These massive wheels not only look stunning, but are also a great picture frame for the Akebono brakes on this model, which are almost weird in size. At the front you will find six-piston brake calipers, which are spanned on rotors with a wingspan of 14.6 inches. I fully understand how important it is to have enough braking power, but to be honest, nobody drives their XC60 on weekends. So if you have Nordschleife-rated binders, this is a real overkill and probably a lot of effort, both in advance and at the moment, time for a braking job. But I think if you ride fancy adjustable dampers, you could have huge brakes too.

Scandinavian elegance

If you've tried a Volvo that has been built in the past five years, for example, the cabin of the XC60 is no surprise. The interior is familiar with first-class materials such as nappa leather and aluminum mesh inlays, excellent workmanship and many helpful functions.

The entire dashboard design is mostly horizontal, but the center stack and striking 9-inch infotainment display it contains are slightly tilted for easy access to the driver.

A large center console runs between the two front seats. It is home to a number of key vehicle controls, including the ignition switch and gear switch. During my week with this Swedish crossover, when it was time to start the engine, I always banged my right index finger on the dashboard, leaned over the steering wheel rim and remembered that the switch was actually on the console. Each. Single. Time. There is nothing wrong with the placement of the ignition, it is difficult for me to overwrite the muscle memory.

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The incarnate elegance.

Craig Cole / Roadshow

The shift lever is near this switch and it is also unusual. Apparently, Volvo is also not immune to the fad of the electronic gear switch that has dominated the automotive industry since it was installed in the car XC60. For example, in order to drive or drive in reverse, you have to operate the lever twice unobtrusively. That's two clicks forward for backward and one double click back for the journey. What, am I running a motor vehicle or opening a folder on my computer?

Of course, the power adjustable front seats of this Volvo are as comfortable as the back seat. It's reasonably spacious in all major dimensions, although a bit more leg room would be nice for larger passengers, but this is a minor complaint. Gold-colored seat belts enliven an otherwise austere interior, which is kept in black, anthracite, light gray and silver.

Features galore

I've never been a big fan of Volvo's Sensus infotainment system, but it grows on me like barnacles on the hull. At first, I found this multimedia solution daunting, with seemingly crazy menus, an overly complicated user interface, and often sluggish performance. As my familiarity with Sensus grew, I learned to actually like it. This system only has a learning curve that is steeper than the walls of El Capitan.

Of course, Apple CarPlay and Android Auto are baked in a muffin just like chocolate chips. The navigation is also integrated in the infotainment system of the Polestar-modified XC60.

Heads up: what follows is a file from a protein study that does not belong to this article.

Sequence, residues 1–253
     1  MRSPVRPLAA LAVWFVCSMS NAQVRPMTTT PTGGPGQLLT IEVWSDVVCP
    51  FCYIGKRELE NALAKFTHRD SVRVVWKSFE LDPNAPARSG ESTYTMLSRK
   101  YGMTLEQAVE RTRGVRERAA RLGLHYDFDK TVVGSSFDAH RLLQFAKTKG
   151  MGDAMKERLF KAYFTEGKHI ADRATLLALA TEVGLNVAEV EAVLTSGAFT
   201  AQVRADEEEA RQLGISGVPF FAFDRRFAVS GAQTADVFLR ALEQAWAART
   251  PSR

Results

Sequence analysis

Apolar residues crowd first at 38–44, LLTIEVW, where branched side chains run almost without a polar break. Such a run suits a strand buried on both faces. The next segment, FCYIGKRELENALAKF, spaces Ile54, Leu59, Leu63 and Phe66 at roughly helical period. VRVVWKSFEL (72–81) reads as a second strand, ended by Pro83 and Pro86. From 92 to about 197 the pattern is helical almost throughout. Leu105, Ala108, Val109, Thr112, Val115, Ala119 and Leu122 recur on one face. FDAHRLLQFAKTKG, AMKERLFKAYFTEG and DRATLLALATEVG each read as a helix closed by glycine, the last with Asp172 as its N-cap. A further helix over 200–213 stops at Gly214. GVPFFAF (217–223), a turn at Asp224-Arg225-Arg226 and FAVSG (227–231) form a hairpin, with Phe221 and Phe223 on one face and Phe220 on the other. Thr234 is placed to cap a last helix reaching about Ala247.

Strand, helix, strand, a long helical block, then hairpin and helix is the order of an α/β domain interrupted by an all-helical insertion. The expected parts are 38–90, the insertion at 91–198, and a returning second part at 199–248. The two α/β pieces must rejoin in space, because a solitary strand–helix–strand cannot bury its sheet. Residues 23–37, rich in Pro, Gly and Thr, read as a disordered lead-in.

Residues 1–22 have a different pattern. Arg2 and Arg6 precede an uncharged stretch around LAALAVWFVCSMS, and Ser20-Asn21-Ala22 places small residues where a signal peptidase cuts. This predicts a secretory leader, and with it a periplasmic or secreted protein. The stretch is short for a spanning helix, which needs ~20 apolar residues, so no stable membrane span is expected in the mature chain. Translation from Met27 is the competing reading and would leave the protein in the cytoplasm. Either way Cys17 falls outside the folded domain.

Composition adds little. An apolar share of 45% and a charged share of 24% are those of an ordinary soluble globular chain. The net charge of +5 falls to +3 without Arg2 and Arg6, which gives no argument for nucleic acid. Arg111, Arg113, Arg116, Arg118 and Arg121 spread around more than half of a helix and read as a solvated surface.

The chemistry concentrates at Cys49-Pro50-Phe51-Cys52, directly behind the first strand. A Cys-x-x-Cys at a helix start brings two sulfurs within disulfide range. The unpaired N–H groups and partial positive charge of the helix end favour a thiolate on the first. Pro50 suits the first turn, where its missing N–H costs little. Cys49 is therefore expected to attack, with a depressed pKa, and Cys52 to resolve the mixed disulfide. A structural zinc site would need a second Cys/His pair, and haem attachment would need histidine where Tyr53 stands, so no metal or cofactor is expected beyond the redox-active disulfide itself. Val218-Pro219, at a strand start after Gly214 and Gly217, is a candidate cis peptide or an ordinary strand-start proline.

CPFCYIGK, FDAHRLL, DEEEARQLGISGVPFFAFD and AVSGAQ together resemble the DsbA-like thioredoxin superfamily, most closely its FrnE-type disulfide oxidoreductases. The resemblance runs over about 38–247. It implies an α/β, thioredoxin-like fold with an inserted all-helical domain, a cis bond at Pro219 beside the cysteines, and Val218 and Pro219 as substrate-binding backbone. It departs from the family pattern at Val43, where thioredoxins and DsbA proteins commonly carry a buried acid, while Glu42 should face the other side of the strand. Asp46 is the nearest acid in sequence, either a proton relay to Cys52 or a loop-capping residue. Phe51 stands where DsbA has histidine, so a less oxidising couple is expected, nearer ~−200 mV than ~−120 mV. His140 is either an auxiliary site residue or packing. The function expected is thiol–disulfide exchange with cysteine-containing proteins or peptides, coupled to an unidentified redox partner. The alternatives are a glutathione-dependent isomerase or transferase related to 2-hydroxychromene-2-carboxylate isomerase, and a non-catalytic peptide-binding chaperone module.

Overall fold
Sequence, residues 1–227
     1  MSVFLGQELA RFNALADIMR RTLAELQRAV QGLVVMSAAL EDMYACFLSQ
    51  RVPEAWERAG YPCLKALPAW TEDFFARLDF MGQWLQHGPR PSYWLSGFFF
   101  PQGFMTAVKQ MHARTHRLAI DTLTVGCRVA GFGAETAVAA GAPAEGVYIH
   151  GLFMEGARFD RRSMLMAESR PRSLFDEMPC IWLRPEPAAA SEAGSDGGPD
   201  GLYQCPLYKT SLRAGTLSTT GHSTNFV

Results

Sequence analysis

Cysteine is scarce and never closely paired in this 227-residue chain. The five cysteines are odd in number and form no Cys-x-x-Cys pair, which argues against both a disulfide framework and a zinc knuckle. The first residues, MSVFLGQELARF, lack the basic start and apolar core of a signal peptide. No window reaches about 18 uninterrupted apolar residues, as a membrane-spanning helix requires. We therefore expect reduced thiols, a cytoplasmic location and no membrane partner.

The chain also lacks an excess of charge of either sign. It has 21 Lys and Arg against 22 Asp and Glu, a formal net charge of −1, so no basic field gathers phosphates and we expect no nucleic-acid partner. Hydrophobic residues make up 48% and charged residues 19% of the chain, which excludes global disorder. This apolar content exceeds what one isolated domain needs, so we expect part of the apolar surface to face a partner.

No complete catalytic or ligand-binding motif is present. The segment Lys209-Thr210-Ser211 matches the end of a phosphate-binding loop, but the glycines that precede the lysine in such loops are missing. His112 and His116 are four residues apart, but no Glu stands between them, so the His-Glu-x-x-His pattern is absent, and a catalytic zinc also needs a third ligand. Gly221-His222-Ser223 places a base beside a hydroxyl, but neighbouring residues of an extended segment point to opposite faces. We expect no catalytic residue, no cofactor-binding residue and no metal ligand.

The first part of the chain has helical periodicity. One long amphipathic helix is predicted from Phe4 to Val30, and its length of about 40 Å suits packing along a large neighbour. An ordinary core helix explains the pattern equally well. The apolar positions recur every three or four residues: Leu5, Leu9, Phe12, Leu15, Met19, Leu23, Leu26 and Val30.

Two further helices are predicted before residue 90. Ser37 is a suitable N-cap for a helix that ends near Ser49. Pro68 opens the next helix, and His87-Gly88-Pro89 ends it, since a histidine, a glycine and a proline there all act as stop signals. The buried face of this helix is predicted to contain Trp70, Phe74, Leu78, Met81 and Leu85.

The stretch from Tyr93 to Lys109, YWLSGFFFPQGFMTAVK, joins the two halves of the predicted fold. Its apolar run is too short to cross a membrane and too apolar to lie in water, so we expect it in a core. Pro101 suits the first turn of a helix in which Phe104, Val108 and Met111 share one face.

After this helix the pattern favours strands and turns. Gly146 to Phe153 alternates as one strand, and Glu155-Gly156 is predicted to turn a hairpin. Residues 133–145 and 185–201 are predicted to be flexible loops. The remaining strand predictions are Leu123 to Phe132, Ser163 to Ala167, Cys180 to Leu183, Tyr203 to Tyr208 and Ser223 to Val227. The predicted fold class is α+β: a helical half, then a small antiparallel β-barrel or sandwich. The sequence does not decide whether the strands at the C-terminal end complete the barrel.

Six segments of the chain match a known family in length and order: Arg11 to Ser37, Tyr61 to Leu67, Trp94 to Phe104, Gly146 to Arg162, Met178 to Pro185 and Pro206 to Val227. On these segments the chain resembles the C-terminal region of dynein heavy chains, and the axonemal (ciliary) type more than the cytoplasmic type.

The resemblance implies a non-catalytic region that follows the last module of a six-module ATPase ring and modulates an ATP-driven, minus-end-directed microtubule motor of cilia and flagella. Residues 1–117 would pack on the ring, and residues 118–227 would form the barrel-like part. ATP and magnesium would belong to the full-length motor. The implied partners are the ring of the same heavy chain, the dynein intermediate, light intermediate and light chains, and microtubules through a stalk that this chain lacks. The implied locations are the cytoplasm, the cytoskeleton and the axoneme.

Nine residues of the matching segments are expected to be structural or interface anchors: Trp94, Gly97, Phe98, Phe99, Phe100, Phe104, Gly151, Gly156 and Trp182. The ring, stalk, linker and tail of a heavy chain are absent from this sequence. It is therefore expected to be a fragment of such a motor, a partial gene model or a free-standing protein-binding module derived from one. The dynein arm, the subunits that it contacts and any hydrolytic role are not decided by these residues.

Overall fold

A digital 12.3-inch instrument cluster is also included. It's wide and bright, but some of the controls it contains are confusing. The operation of the adaptive cruise control is initially a challenge, as are some other menus for the on-board computer.

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Gold-colored seat belts enliven an otherwise dark cabin.

Craig Cole / Roadshow

Since it is a Volvo, it is of course safe and equipped with numerous safety-enhancing functions. My tester is equipped with low and high speed collision mitigation technology, a road deviation prevention system, blind spot monitoring with rear traffic alarm, a parking aid, and more.

Adaptive LED headlights light the way, while other extras such as an electric tailgate, a head-up display, WiFi in the vehicle, heated washer nozzles and sprayers for the headlights and automatic high beams are included. Computer-controlled headlights are always very practical and offer additional visibility at night without dazzling other drivers. However, Volvo's implementation of this technology does not respond as quickly as systems from other automakers such as Honda, Nissan, or Ford. In my tests, it seems slower and generally less able to detect oncoming traffic, which was a little disappointing.

On a positive note, the Volvo Bowers & Wilkins sound system with 1,100 watts of tympanic membrane power through 15 speakers is surprisingly good. This arrangement can even make highly compressed satellite radio sound acceptable, and that is an achievement.

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The XC60 is just as pretty from behind as it is from any other angle.

Craig Cole / Roadshow

I hope you sit down …

As with almost every premium product, the Volvo XC60 T8 E-AWD Polestar is not cheap. The device tested here costs $ 73,490. This Porsche-competing sum is replenished by just two options: metallic paint for $ 645 and the above wheels, which are priced at an apparently reasonable price of $ 800. A target fee of USD 995 rounds this amount off.

The XC60 is certainly a beautiful piece of automobile construction, with a lot of style, technology and functionality as well as enough good taste to compensate for any defects. But is it worth almost 75 giants? I can't help but feel that it's not.

Fortunately, you don't have to spend so much to enjoy one of these Volvos. A base momentum model pays less than $ 42,000. Grab a well-equipped version of Inscription with all-wheel drive, a more powerful engine, and a handful of helpful options, and you'll spend less than 60 big hairs – a price that seems much more reasonable.